I find it sort of surreal to contemplate that, given my own backstory. Years (okay, almost 2 decades) ago, I cut my teeth with C and C++. From there, I branched out to Java, C#, Visual Basic, PHP, and some others I'm probably forgetting. Generally speaking, I came of age during the heyday of object oriented programming.
Oh, sure I had awareness of other paradigms. In college, I had dabbled with (at the time) the esoteric concept of functional programming. And I supplemented "real" programming work with scripts as needed to get stuff done. But object-oriented languages gave us the real engine that drove serious work.
Even as it has risen to prominence and inspired a generation of developers, I suppose I've never really shed my original baggage with it. While I conceptually understand its role as "assembly language of the web," I have a hard time not seeing the language that was written in 10 days and named to deliberately confuse people.
I'll come back to that shortly. But first, I'd like to remind you of a prominent GhostDoc feature. Specifically, I'm referring to the "Document This" capability. With your cursor inside of a method or type, you can use this capability to generate instant, well-formatted, XML doc comments. Thoroughly documented code sits just a "Ctrl-Shift-D" away.
If you work with C# a lot and generate public APIs and/or help documentation, you will love this capability. It doesn't absolve you of needing to add specific contest. But it does give you a thorough base upon which to build. For example, consider this method from my ChessTDD example codebase.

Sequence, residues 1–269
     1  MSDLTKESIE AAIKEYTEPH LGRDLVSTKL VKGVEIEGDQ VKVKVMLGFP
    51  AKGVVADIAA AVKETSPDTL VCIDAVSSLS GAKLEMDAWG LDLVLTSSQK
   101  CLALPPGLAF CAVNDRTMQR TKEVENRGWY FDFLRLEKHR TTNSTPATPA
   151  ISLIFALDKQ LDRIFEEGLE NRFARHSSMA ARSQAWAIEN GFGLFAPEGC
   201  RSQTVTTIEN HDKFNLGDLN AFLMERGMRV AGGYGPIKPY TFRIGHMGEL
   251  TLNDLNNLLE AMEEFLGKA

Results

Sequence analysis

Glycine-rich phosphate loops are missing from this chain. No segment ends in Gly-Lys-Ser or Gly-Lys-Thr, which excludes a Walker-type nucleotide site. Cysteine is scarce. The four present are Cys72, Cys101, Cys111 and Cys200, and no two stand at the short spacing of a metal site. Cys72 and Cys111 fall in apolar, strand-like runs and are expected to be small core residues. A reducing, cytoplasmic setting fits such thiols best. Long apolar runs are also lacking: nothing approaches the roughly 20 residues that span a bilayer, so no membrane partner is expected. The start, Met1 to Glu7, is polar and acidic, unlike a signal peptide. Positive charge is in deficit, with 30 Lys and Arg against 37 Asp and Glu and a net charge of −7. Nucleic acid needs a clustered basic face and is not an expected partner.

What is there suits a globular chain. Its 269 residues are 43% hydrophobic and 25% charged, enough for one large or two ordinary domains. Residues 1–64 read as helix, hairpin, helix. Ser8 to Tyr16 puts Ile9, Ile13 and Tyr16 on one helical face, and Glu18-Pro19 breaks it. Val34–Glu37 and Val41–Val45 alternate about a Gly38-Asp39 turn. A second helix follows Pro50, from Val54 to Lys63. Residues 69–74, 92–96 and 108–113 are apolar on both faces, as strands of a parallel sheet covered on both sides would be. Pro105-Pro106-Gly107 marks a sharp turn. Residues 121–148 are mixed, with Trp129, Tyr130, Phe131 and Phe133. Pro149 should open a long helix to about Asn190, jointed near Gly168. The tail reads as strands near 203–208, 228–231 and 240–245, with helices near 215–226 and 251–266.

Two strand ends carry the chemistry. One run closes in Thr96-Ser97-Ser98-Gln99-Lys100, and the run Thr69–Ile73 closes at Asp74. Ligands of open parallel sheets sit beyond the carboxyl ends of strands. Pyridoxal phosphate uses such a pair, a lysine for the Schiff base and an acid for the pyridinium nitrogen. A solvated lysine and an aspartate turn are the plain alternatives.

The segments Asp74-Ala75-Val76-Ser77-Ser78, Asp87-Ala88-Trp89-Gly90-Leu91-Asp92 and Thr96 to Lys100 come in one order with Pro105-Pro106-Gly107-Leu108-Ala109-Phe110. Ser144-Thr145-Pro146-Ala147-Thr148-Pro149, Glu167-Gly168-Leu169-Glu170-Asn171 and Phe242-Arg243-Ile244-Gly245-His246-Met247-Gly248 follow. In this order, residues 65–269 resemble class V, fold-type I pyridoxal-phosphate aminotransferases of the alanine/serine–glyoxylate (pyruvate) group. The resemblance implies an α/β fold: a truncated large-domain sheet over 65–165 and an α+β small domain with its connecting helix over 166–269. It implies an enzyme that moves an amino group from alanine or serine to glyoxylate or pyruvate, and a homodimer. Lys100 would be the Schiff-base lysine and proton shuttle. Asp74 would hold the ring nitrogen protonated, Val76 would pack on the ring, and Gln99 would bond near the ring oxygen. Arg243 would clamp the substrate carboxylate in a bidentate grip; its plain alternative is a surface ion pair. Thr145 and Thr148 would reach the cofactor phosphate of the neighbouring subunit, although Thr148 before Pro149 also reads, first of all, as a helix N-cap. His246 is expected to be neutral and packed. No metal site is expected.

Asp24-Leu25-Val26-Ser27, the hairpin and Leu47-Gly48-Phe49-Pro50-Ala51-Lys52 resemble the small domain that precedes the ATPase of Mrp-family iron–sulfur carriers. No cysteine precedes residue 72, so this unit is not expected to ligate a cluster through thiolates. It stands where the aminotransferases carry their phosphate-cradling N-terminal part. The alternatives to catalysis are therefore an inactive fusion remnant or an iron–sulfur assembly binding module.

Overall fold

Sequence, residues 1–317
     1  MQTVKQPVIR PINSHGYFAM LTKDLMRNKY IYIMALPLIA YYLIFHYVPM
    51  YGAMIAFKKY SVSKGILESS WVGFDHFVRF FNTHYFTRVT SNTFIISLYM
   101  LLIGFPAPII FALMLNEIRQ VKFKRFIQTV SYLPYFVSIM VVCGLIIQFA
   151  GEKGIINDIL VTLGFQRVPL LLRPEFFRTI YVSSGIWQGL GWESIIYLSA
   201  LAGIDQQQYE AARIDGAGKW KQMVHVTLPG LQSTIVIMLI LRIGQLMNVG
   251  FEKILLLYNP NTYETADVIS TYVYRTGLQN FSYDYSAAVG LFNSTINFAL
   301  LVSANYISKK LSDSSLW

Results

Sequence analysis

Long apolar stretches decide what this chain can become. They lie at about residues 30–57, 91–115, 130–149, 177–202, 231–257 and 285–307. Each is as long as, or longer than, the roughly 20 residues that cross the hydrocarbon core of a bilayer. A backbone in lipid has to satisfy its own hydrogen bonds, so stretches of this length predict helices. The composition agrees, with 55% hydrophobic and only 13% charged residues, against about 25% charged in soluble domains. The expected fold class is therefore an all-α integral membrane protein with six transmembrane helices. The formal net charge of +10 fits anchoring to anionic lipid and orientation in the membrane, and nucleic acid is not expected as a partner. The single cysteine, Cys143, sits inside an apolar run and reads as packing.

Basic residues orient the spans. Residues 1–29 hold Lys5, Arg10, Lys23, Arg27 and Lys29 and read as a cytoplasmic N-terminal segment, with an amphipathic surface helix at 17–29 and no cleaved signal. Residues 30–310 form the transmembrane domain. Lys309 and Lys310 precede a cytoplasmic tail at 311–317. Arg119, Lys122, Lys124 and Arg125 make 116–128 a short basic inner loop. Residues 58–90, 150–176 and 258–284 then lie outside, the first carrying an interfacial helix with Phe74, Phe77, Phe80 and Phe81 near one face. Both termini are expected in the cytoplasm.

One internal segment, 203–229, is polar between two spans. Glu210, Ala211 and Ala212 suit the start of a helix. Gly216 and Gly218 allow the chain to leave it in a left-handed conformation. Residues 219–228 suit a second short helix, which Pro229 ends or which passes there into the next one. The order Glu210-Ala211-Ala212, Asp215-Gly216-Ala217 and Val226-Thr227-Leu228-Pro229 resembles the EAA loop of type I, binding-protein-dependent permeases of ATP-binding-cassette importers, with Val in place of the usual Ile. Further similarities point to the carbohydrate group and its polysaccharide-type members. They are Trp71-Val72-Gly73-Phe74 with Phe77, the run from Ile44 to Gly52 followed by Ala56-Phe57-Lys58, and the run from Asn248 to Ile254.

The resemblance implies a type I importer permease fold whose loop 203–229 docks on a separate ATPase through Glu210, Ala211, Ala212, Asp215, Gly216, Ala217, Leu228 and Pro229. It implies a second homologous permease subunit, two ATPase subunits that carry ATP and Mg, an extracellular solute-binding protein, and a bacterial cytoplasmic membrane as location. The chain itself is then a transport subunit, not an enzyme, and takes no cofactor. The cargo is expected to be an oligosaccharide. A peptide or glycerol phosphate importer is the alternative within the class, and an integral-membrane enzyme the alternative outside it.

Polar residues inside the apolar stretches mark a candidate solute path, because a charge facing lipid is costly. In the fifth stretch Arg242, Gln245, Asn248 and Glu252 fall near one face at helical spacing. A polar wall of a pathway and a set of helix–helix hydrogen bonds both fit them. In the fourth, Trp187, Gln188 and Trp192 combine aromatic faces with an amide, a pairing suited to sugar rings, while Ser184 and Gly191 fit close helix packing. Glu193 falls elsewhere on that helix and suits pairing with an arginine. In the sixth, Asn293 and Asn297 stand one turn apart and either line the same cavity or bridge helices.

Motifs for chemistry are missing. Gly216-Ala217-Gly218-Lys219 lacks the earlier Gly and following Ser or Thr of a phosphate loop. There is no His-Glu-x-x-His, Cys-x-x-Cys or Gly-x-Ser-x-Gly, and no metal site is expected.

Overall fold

/// Gets the moves from.
/// <param name="startingLocation">The starting location.</param>
/// <param name="boardSize">Size of the board.</param>
public override IEnumerable<BoardCoordinate> GetMovesFrom( BoardCoordinate startingLocation, int boardSize = Board.DefaultBoardSize)
var oneSquareAwayMoves = GetAllRadialMovesFrom(startingLocation, 1);
return oneSquareAwayMoves.Where(bc => bc.IsCoordinateValidForBoardSize(boardSize));
I took that un-commented method and used GhostDoc to generate this. Now, I Should probably update the summary, but I really don't see any other deficiencies here. It nails the parameter names, and it even escapes the generic return type for readability.
ShivMethods sounded... interesting, in a prison yard sort of way. As a publicly consumable library, it already has documentation. And, as I learned by playing around, that documentation already gets picked up by IntelliSense. But I figured I'd see what happened by using GhostDoc anyway, for comparison's sake.
So I lazily put my cursor randomly inside the method and fired away with a Ctrl-Shift-D. Check it out.
As you can see, GhostDoc puts the comment inside of the method and behaves largely as it would with C#. In case you're wondering about the stylistic difference, GhostDoc does this because it's the more Microsoft-preferred way. To underscore that, look what happens now when we consume this method with IntelliSense.
As you can see, IntelliSense gives preference to the comments generated by GhostDoc.
Learn more about how GhostDoc can help simplify your XML Comments, produce and maintain quality help documentation.
I'm a passionate software developer and active blogger. Read about me at my site. View all posts by Erik Dietrich
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